Morning is the best time to go walking, jalan- jalan, in Sanur, Bali. Walking along the beach front is a lovely ritual and one best done before the sun rises and the heat becomes too fierce. The pathway meanders for about five kilometres, with long stretches of deep shade provided by large Pohon trees. Along the way, picturesque Jukin are parked on the sand, colourful traditional Balinese outrigger canoes used for fishing or tourist jaunts; sunny sandy sections are lined with white beach chairs and umbrellas, beckoning those who are partial to frying, and shady beach restaurants, morning yoga schools and art markets begin business for the day. The large crunchy fallen leaves of the Pohon are swept away for another day.If you are lucky, Gunung Agung, Bali’s sacred mountain, may pop out of the low cloud on the horizon to greet you or the white cliffs of Nusa Penida will glow like silver in the morning sun. More rarely, Lombok’s 3276 metre high volcano, Gunung Rinjiani, will appear from across the Lombok Straight.
Waking in Sanur and walking this stretch of coast, I feel blessed to be back in the “Morning of the day”, especially as I watch the women carefully arrange their early morning offerings, Canang Sari, on small alters, Palinggih or in the larger Puri, district temples.
A nod and a Selamat Pagi or Good Morning to all the locals at this early hour makes the day special. Although most of the locals know rudimentary English, I prefer to use my very basic Indonesian where and when I can. A buongiorno goes a long way in Italy and so does a selamat pagi here in Indonesia. At 8 am, you will meet uniformed security guards of large hotel compounds, beach sweepers and sand rakers, and some of the omnipresent women, Judy, Anna and Norma, trying to make a few rupiah from their tiny beach shop.
At this time of the year, April, things are very quiet in Sanur. The hotels are half empty and many beach warungs are closed or busy renovating for the season ahead. Some new hotels are being built on the main drag, vulgar looking concrete monoliths designed for those tourists who need to feel insulated from the local environment and its people. At the same time, some overcapitalised international establishments along the beach front have been closed now for some years and the jungle is returning.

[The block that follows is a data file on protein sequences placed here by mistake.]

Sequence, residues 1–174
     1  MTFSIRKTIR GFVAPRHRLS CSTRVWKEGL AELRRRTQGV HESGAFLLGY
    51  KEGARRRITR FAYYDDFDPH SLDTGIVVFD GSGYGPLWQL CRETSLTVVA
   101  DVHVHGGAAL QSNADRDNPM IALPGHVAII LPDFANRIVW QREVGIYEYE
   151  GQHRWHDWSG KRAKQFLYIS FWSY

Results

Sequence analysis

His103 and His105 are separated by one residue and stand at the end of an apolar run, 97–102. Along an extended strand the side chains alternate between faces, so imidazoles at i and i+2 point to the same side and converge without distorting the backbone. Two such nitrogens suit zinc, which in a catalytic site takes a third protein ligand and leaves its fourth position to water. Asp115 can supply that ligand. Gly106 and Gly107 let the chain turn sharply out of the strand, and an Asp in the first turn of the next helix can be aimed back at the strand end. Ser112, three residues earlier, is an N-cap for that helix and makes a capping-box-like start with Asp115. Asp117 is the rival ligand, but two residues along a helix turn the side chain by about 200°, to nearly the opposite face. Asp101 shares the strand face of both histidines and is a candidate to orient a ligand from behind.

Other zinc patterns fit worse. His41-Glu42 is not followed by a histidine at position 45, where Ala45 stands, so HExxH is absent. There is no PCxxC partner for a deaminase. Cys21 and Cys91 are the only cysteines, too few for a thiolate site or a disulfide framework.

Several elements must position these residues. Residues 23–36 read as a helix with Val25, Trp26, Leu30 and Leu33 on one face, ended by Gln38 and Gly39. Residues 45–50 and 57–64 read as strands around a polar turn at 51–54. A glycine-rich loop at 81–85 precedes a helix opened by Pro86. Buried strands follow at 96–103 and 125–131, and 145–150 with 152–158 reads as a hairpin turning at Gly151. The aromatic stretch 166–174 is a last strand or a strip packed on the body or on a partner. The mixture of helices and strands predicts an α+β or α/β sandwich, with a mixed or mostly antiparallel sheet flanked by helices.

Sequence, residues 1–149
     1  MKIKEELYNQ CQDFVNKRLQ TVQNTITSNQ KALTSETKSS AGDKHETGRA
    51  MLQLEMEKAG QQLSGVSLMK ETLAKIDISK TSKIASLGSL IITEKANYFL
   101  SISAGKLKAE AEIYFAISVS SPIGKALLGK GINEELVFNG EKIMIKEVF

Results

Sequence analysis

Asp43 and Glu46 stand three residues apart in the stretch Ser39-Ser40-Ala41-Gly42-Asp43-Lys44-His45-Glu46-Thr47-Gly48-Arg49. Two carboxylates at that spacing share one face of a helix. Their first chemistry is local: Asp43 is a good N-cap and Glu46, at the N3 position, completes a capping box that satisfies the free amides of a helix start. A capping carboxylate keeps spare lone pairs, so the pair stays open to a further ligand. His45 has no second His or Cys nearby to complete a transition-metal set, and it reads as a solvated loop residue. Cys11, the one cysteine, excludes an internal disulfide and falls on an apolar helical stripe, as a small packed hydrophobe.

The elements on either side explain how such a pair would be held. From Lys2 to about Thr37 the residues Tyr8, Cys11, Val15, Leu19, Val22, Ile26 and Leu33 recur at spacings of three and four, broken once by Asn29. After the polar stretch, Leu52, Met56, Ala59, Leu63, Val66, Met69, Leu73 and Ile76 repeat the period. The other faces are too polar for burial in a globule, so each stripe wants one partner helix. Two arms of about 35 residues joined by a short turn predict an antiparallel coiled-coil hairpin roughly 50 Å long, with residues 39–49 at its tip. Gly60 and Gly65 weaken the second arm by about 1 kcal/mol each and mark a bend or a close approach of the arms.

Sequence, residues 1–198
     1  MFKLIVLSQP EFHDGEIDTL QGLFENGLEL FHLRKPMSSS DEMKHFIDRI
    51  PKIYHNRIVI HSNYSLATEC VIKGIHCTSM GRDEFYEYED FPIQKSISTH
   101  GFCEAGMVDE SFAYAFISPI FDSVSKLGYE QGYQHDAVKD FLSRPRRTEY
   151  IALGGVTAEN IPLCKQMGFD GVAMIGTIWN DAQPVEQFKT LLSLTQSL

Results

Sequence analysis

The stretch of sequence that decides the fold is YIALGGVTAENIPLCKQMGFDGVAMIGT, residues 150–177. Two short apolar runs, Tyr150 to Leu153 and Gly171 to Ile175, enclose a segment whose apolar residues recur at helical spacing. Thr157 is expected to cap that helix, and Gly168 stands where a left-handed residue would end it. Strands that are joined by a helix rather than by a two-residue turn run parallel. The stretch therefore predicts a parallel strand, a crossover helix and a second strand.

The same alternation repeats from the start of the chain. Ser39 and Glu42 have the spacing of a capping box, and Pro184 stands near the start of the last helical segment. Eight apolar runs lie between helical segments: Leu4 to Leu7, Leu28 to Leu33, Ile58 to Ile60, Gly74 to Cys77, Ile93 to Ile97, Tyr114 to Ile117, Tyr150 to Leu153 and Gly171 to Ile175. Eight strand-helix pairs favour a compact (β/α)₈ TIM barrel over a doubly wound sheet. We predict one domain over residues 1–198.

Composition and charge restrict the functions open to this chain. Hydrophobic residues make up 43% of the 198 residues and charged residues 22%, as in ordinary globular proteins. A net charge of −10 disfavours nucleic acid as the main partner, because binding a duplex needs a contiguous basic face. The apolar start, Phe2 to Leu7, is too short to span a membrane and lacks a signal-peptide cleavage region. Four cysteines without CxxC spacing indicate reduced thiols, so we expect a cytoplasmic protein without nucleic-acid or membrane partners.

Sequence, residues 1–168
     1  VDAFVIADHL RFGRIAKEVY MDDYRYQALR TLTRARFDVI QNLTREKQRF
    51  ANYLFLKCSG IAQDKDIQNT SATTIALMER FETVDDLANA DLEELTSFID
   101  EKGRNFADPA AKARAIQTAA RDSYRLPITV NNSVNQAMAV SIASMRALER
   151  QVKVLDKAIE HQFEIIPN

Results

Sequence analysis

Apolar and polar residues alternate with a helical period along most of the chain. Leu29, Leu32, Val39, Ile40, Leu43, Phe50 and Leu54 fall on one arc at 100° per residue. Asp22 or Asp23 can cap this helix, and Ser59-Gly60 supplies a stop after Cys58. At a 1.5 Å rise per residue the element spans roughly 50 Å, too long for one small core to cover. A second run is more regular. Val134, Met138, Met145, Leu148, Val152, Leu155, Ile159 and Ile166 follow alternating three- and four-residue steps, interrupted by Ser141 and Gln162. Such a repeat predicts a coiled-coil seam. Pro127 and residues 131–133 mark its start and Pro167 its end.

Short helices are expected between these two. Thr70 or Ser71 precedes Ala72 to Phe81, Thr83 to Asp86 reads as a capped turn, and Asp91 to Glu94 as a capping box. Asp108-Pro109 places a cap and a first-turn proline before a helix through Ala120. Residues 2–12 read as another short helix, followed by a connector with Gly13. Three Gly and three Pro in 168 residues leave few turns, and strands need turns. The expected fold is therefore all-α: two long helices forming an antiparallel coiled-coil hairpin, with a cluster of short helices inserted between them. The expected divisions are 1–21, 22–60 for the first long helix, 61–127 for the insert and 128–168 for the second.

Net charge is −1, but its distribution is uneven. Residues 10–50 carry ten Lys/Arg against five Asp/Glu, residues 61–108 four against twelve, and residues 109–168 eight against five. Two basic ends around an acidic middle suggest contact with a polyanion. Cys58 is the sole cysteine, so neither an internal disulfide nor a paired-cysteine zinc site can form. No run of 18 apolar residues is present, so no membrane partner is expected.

Many of the locals worry that the Europeans have been hit by the GFC and their numbers will continue to dwindle this year, affecting the local Balinese economy. Australians, of course, visit at all times of the year, being only a 6 hour flight away from Melbourne or less from Perth and other cities. The Australian accent is recognisable in any Balinese district, though not as prevalent in the Sanur district as say, Kuta/Legian/Semiyak, a district I no longer visit due to its over commercialisation.
Even after 36 years of visiting, Bali still entrances me. This island is Hindu and its culture is alive and well, despite a century of tourism. It is important to keep this in mind when visiting, through appropriate dress and behaviour, and by supporting the local people through the choices we make as tourists. Be mindful where your tourist dollar or euro is going.
Look to this day,
for it is life, the very breath of life.
In its brief course lie
all the realities of your existence;
the bliss of growth,
the glory of action,
the splendor of beauty.
For yesterday is only a dream,
and tomorrow is but a vision.
But today, well lived,
makes every yesterday a dream of happiness,
and every tomorrow
a vision of hope.
Look well, therefore, to this day.